A global comparison of the human and T. brucei degradomes gives insights about possible parasite drug targets

PLoS Negl Trop Dis. 2012;6(12):e1942. doi: 10.1371/journal.pntd.0001942. Epub 2012 Dec 6.

Abstract

We performed a genome-level computational study of sequence and structure similarity, the latter using crystal structures and models, of the proteases of Homo sapiens and the human parasite Trypanosoma brucei. Using sequence and structure similarity networks to summarize the results, we constructed global views that show visually the relative abundance and variety of proteases in the degradome landscapes of these two species, and provide insights into evolutionary relationships between proteases. The results also indicate how broadly these sequence sets are covered by three-dimensional structures. These views facilitate cross-species comparisons and offer clues for drug design from knowledge about the sequences and structures of potential drug targets and their homologs. Two protease groups ("M32" and "C51") that are very different in sequence from human proteases are examined in structural detail, illustrating the application of this global approach in mining new pathogen genomes for potential drug targets. Based on our analyses, a human ACE2 inhibitor was selected for experimental testing on one of these parasite proteases, TbM32, and was shown to inhibit it. These sequence and structure data, along with interactive versions of the protein similarity networks generated in this study, are available at http://babbittlab.ucsf.edu/resources.html.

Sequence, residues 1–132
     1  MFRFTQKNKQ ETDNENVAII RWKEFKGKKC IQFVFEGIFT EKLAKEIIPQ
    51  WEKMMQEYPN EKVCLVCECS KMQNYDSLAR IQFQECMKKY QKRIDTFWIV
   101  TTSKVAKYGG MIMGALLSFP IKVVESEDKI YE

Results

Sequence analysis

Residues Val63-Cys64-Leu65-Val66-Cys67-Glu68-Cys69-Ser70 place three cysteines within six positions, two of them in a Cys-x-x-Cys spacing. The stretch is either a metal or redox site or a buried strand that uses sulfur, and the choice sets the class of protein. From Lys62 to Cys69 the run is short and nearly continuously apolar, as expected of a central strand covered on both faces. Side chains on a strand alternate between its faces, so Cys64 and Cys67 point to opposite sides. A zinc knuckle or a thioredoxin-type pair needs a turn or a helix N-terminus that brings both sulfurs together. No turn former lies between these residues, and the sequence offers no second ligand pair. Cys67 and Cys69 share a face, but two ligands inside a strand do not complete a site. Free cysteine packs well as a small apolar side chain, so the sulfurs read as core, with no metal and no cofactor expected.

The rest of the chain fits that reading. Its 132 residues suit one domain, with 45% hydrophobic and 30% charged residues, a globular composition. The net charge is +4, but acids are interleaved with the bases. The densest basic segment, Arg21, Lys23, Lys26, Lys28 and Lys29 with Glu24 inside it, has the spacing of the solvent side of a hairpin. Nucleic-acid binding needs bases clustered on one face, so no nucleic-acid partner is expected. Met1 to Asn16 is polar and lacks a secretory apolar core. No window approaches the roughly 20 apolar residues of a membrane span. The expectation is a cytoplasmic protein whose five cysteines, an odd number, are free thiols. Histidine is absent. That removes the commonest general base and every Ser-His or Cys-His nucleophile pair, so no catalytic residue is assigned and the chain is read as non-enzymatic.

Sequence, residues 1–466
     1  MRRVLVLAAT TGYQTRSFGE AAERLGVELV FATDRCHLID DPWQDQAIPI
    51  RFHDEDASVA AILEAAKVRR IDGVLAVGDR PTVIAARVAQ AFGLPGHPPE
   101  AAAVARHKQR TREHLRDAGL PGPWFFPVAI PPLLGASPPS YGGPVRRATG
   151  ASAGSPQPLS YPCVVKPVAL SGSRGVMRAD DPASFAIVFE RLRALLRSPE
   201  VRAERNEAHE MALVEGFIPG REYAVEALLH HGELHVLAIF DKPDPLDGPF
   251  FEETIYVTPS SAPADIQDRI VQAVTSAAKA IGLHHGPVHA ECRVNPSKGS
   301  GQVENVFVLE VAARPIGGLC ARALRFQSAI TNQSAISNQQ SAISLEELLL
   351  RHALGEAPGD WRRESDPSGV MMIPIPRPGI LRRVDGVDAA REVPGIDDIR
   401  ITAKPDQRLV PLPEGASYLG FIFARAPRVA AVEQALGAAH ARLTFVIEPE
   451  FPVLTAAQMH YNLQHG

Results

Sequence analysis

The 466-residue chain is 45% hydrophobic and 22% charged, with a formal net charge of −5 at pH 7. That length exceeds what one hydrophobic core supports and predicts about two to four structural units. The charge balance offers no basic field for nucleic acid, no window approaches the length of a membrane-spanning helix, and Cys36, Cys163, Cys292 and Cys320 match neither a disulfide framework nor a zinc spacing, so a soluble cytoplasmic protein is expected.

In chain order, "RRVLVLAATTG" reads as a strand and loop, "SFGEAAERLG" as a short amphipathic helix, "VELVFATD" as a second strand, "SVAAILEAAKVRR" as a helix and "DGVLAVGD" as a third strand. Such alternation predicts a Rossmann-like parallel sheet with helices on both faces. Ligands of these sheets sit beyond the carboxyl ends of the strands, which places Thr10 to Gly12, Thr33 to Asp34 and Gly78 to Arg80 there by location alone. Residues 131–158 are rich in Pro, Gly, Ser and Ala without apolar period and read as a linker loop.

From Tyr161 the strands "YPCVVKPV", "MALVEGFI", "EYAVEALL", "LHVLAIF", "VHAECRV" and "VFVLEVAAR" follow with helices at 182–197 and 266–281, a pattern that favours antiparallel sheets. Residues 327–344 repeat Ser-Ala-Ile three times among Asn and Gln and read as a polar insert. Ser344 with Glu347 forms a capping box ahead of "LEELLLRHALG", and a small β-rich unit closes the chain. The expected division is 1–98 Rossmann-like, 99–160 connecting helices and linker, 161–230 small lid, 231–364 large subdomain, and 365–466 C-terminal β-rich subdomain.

Publication types

  • Comparative Study
  • Research Support, N.I.H., Extramural
  • Research Support, Non-U.S. Gov't
  • Research Support, U.S. Gov't, Non-P.H.S.

MeSH terms

  • Computational Biology
  • Humans
  • Models, Molecular
  • Peptide Hydrolases / chemistry*
  • Peptide Hydrolases / genetics*
  • Protein Conformation
  • Sequence Homology, Amino Acid
  • Trypanosoma brucei brucei / enzymology*

Substances

  • Peptide Hydrolases